Brian Stableford: Just finished "The Angel of Pain" about to start the thrid volume in the "Werewolves of London" trilogy, the Carnival of Destruction, -one of the most fascinating sci-fi/fantasy books I've ever read. The protagonists in Victorian England have been coopted by a race of "angels" who exist outside of the standard "material" universe and are using the humans to understand the universe. They (the angels) have awoken from a 10,000 year sleep, and they are confused. A fantastic speculation on the nature of the universe and reality-a little difficult to read at times, but the ideas remain fascinating. http://freespace.virgin.net/diri.gini/werewolv.htm

  19. #69
    Unfrozen Caveman Planner mendelman's avatar
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    recently read:
    "The Actual" by Saul Bellow - very good novella
    "Timeline" by Micheal Crichton - pretty good but slowed down and dragged toward the end, had some good stuff about parallel universes, quantum computing, and archeology.
    "They All Fall Down" by Richard Cahan - a biography of Richard Nickel, a reluctant early architectural preservationist in Chicago. Very good story of a devoted man

    off and on reading:
    "The Simarillion(sp?)" by JRR Tolkein - cool for those that are into Tolkein Middle-Earth stuff

    currently fully reading:
    "Building Suburbia" by Dolores Hayden - good and insightful, but written more for the less-initiated, but still a good read with a slightly different perspective on the origins and delevopment of suburbia

    On deck:
    "Pelendra" by CS Lewis - cool sci-fi fantasy with a sprinkle of Catholic allegory
    Last edited by mendelman; 21 Jan 2004 at 12:46 PM.
    I'm sorry. Is my bias showing?

    The ends can justify the means.

  20. #70
    JNL, I just finished Brave New World - it is an excellent book.

    Books currently being scanned through brain: Green Architecture by James Wines, Siddhartha by Hermann Hesse, and The Things They Carried by Tim O' Brien

    Recently read: Why Architecture Matters by Blair Kamin, The Prophet by Kahlil Gibran, and Suburban Nation, by Duany and co.

    Plan to read soon: Survivor by Chuck Palahniuk

  21. #71
    Cyburbian donk's avatar
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    I'm reading Phillip Jose Farmer's "Classic Short Stories (1954-1963), once I am done that I'll be onto "Blown" and "Flesh" by the same author.

    I am also rereading the Cerebus "telephone books" in sad anticipation of the last issue in March.

    As usual, books on ethics and religious thought are also being skimmed.

    Not really reading, but kind of of planning related, a really cool Frank Lloyd Wright pop up book.
    Too lazy to beat myself up for being to lazy to beat myself up for being too lazy to... well you get the point....

  22. #72
    maudit anglais
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    Going through a bit of a dry patch reading-wise right now. Budget constraints are preventing me from buying any new books.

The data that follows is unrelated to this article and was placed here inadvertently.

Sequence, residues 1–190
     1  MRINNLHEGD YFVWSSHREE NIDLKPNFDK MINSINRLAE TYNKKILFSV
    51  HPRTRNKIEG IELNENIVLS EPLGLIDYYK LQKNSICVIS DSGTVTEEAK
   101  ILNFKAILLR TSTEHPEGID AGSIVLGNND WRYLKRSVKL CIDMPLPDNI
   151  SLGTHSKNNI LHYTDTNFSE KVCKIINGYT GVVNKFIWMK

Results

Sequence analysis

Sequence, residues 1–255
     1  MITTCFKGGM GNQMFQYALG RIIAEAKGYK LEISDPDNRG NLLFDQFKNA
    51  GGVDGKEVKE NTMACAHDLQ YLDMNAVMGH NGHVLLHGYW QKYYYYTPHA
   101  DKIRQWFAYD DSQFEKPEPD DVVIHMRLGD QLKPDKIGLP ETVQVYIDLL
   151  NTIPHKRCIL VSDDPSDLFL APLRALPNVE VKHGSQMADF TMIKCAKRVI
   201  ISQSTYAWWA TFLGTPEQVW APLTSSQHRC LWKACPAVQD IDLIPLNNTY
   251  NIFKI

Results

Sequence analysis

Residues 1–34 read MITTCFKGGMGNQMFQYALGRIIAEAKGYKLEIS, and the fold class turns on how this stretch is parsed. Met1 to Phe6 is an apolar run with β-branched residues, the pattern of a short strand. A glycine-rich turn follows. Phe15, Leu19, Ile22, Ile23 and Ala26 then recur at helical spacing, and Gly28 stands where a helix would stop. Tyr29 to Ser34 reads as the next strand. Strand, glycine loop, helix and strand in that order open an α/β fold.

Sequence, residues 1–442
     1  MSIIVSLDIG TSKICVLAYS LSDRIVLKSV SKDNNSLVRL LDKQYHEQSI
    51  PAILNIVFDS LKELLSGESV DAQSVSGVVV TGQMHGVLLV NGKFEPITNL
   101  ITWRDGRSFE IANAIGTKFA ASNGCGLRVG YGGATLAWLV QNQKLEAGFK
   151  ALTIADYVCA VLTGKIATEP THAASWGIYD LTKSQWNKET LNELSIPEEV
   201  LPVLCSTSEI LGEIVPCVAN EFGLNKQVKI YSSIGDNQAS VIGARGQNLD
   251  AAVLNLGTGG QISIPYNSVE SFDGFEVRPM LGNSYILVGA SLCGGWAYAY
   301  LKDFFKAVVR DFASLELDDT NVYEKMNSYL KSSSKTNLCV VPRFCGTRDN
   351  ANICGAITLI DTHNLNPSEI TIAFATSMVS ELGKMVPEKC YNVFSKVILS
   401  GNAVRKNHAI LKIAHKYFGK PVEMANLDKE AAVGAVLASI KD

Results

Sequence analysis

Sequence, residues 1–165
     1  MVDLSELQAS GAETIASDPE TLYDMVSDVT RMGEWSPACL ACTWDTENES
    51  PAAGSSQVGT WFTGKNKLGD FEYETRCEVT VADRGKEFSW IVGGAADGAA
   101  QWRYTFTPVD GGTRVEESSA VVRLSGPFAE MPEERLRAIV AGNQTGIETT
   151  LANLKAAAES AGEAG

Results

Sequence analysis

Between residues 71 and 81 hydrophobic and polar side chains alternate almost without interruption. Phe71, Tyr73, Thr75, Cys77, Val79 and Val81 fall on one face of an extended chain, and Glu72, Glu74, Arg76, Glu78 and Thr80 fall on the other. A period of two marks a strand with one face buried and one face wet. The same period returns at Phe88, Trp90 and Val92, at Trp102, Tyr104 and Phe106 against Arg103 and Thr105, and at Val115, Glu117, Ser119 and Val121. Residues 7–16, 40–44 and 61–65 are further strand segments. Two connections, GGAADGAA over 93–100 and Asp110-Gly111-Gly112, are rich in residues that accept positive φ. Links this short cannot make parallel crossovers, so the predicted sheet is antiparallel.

Re-reading "Churchill's Generals", edited by John Keegan right now. Also have a copy of the Jan. 12/04 "New Yorker" magazine in the commuting bag - apparently there is a good article on SUV culture in there.

  23. #73
    Cyburbian Tom R's avatar
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    books

    A lot of good books mentioned; To Kill a Mockingbird, Alas Babylon. To these I would add On the Beach and Brave New World. Right now I'm reading A Tale of Two Cities. I'm trying to catch up on a few classics that I should have read in the past. I find Dickens somewhat difficult to keep interested in and in general to read. Sometimes I like to force myself. Recently I've read The Hunchback of Notre Dame (Hugo) and a collection of Mark Twain essays. I've made it a goal to read everything Mark Twain has written. He's becomming my favorite author. When I was young I read The Call of the Wild probably 7 or 8 times and later I read a lot of John Steinbeck and Hemmingway. One book everyone should read is The Jungle by Upton Sinclair.
    WALSTIB

  24. #74
    Cyburbian biscuit's avatar
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    Quote Originally posted by Tom R
    One book everyone should read is The Jungle by Upton Sinclair.
    Just not right before going out for a big steak dinner.

  25. #75
    Cyburbian Cardinal's avatar
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    Quote Originally posted by Tom R
    I've made it a goal to read everything Mark Twain has written. He's becomming my favorite author.
    I did the same thing. It is a shame that some of his later work really varied in quality. A good deal of it has been published, but there are still a few works that are hard to find. Have "The Personal Reflections of Joan of Arc" or "The American Claimant" be printed recently? I managed to find old copies in secondhand book stores.
    Anyone want to adopt a dog?